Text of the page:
Identifying cohort differences in children undergoing partial intracapsular tonsillectomy vs traditional tonsillectomy for sleep disordered breathing

Kiranya E. Tipirneni, Lee Bauter, Erica T. Sher, Mark A. Arnold, Jason A. Audlin, Haidy A. Marzouk

Research output: Contribution to journalArticlepeer-review

5 Scopus citations


Objective: Partial intracapsular tonsillectomy (PIT) is a well-established technique for reducing post-operative morbidity in pediatric patients with sleep disordered breathing (SDB). Although tonsillar re-growth rates are reported as low, risks of symptom recurrence or need for completion tonsillectomy are clear disadvantages when compared to traditional tonsillectomy (TT). We aim to identify cohort differences to better guide clinical decision making and identify patient-specific factors that may influence this decision. A secondary aim was to evaluate potential risk factors for tonsillar regrowth. Methods: Retrospective chart review of pediatric patients who underwent TT or PIT for SDB between 2015 and 2019 at a tertiary care academic medical center. Records were reviewed for age, gender, race, body mass index, comorbidities, diagnosis, apnea-hypopnea index, pre-operative Brodsky tonsil size, length of stay, post-operative hemorrhage, tonsillar regrowth, symptom recurrence, and need for completion tonsillectomy. Results: 315 patients were included: 174 underwent TT and 141 underwent PIT. Patients undergoing TT were more likely to have a sleep study showing OSA (OR 3.01, p < 0.0001), asthma (OR 4.28, p = 0.000124), and other comorbidities (OR 4.06, p = 0.0258). The overall complication rate was 4.44% (14/315). Tonsillar regrowth was exclusive to the PIT group, occurring in 7/141 patients (4.96%). Age ≤4 years was significantly associated with increased risk of tonsillar regrowth (≤4 years: 7.69%, >4 years: 0%; p = 0.049). Race and pre-operative tonsil size were not associated with regrowth. Conclusions: Our study supports the low incidence of tonsillar regrowth in PIT and suggests an association with younger age. Moreover, we found that patients undergoing TT are more likely to be older, have OSA, asthma, and other comorbidities.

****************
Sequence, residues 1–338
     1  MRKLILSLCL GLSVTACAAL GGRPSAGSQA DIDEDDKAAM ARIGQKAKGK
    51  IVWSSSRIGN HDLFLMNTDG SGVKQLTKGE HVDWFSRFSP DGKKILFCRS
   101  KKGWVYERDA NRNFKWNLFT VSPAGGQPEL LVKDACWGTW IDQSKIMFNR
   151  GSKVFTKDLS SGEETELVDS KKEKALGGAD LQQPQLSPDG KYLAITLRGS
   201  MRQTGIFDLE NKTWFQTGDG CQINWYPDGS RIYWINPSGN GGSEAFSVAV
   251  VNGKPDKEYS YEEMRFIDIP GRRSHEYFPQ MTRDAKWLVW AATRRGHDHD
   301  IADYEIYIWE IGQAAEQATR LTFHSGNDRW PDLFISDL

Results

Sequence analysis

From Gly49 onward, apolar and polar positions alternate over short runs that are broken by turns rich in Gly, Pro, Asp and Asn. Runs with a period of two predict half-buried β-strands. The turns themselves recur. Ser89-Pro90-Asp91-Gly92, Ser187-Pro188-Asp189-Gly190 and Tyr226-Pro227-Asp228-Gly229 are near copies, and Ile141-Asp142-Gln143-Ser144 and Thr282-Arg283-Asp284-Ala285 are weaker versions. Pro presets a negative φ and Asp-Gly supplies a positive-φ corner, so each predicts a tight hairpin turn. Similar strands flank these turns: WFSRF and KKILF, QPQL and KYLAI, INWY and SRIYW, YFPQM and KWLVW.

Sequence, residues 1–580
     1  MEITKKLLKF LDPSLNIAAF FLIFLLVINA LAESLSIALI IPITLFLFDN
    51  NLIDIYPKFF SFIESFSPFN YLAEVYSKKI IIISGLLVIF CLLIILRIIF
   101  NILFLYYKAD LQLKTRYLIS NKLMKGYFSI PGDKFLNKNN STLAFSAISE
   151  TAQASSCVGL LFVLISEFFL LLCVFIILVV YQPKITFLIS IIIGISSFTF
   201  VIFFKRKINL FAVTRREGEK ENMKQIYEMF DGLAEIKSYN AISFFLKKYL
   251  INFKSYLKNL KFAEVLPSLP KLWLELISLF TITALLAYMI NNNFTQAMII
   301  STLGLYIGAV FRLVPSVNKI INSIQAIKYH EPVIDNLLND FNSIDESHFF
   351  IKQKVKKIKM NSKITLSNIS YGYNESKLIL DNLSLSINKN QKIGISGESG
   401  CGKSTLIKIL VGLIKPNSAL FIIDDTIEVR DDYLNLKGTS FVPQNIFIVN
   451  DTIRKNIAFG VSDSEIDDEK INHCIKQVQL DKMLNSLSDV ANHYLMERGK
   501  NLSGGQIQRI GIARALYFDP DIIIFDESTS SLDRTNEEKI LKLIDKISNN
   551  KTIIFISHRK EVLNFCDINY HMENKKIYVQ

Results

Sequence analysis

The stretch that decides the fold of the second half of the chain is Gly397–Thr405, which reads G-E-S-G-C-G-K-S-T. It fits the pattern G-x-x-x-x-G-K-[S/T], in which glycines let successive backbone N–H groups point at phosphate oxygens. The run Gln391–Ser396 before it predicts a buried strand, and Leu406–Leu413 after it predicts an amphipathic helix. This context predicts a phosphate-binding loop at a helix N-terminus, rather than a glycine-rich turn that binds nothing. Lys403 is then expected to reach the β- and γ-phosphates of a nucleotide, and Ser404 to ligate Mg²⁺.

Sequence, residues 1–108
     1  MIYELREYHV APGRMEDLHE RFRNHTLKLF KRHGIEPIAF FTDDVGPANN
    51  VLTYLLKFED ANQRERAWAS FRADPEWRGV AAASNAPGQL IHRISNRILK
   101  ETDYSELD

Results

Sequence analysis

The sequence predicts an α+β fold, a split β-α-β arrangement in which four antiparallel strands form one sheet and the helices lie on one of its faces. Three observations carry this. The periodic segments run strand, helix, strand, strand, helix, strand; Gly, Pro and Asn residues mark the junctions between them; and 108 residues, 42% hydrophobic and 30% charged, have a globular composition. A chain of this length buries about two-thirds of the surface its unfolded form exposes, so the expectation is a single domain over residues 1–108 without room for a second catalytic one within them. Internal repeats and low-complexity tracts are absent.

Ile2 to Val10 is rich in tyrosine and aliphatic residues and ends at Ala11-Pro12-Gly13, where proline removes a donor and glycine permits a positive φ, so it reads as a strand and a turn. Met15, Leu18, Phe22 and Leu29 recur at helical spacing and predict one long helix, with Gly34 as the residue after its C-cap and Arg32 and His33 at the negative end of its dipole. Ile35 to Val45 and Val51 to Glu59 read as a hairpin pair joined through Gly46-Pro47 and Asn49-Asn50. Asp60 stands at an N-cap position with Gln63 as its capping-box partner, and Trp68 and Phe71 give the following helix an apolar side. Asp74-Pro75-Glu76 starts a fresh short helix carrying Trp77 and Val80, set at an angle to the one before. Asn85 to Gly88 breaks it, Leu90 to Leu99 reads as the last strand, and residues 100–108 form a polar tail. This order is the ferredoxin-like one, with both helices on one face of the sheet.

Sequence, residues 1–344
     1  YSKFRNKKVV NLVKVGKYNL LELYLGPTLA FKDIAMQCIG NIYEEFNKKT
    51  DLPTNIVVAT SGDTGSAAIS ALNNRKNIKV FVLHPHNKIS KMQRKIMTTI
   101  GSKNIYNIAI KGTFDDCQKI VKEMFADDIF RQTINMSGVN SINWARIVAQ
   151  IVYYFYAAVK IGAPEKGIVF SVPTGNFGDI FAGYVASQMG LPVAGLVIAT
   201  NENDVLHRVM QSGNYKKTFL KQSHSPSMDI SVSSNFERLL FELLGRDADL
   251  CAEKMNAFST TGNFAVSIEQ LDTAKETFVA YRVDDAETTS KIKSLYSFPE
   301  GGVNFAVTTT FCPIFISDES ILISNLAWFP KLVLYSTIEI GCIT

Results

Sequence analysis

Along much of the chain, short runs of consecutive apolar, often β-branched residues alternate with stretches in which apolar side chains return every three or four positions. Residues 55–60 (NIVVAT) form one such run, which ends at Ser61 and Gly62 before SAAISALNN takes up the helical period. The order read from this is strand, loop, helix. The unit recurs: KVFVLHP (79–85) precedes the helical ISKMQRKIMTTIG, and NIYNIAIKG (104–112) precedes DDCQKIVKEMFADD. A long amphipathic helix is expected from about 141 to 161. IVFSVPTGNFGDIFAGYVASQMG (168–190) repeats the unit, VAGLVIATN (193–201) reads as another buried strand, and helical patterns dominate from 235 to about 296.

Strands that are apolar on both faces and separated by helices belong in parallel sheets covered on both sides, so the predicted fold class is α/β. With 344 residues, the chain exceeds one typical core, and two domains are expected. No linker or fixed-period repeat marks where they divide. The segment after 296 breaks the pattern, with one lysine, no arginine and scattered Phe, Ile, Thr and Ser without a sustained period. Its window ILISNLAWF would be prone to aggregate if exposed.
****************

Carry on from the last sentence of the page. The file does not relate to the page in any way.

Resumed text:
Original languageEnglish (US)
Article number110183
JournalInternational Journal of Pediatric Otorhinolaryngology
StatePublished - Oct 2020
Externally publishedYes


  • Intracapsular tonsillectomy
  • Obstructive sleep apnea
  • Sleep disordered breathing
  • Tonsillar regrowth
  • Tonsillectomy

ASJC Scopus subject areas

  • Pediatrics, Perinatology, and Child Health
  • Otorhinolaryngology


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